Rhodes of Oath Keepers guilty of January 6 seditious conspiracy

WASHINGTON (AP) — Oath Keepers founder Stewart Rhodes was convicted on Tuesday of seditious conspiracy charges in a violent conspiracy to overthrow President Joe Biden’s election, giving the Justice Department a major victory in its massive prosecution of the Jan. 6 insurgency 2021 brought.

A Washington, DC jury found Rhodes guilty of sedition after three days of deliberations in the nearly two-month trial that demonstrated the far-right group’s efforts to keep Republican Donald Trump in the White House at all costs.

Rhodes was acquitted of two other conspiracy charges. A co-defendant – Kelly Meggs, who ran the anti-government group’s Florida chapter – was also convicted of seditious conspiracy, while three other associates were acquitted of those charges. The jury found all five defendants guilty of obstructing an official process: Congressional confirmation of Biden’s election victory.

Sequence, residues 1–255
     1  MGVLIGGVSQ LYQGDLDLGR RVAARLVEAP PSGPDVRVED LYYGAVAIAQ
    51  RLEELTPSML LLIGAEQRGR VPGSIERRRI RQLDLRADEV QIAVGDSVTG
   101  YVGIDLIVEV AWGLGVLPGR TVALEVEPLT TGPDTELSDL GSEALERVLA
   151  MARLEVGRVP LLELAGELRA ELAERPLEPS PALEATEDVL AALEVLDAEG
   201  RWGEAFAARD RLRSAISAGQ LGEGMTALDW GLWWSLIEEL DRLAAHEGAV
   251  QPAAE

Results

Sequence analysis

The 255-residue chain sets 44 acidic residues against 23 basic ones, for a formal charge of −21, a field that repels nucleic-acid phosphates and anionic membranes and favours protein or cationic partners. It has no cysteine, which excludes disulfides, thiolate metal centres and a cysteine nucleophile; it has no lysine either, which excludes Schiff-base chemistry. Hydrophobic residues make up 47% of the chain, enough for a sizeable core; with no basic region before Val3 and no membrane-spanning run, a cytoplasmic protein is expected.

The verdict, while mixed, marks a significant milestone for the Justice Department and will likely pave the way for prosecutors to move full steam ahead in upcoming trials of other extremists accused of sedition.

Rhodes and Meggs are the first people in nearly three decades to be found guilty in court of seditious conspiracy — a rare Civil War-era charge that can be difficult to prove. The offense carries a prison sentence of up to 20 years.

It could encourage investigators, whose work has expanded beyond those who attacked the Capitol, to focus on others linked to Trump’s efforts to overthrow the 2020 election. US Attorney General Merrick Garland recently appointed a veteran prosecutor, Jack Smith, as Special Counsel to oversee key aspects of an investigation into election-evasion efforts as well as a separate investigation into the safekeeping of classified documents at Trump’s Florida estate, March 2020-a – Lago.

Garland said after the ruling that the Justice Department “is committed to holding accountable those criminally responsible for the attack on our democracy on January 6, 2021.”

“Democracy thrives on the peaceful transfer of power. By attempting to block confirmation of the results of the 2020 presidential election, the defendants flouted and trampled on the rule of law,” Steven M. D’Antuono, deputy director of the FBI’s Washington field office, said in an emailed statement Explanation. “This case shows that coercion and violence are no match for our country’s justice system.”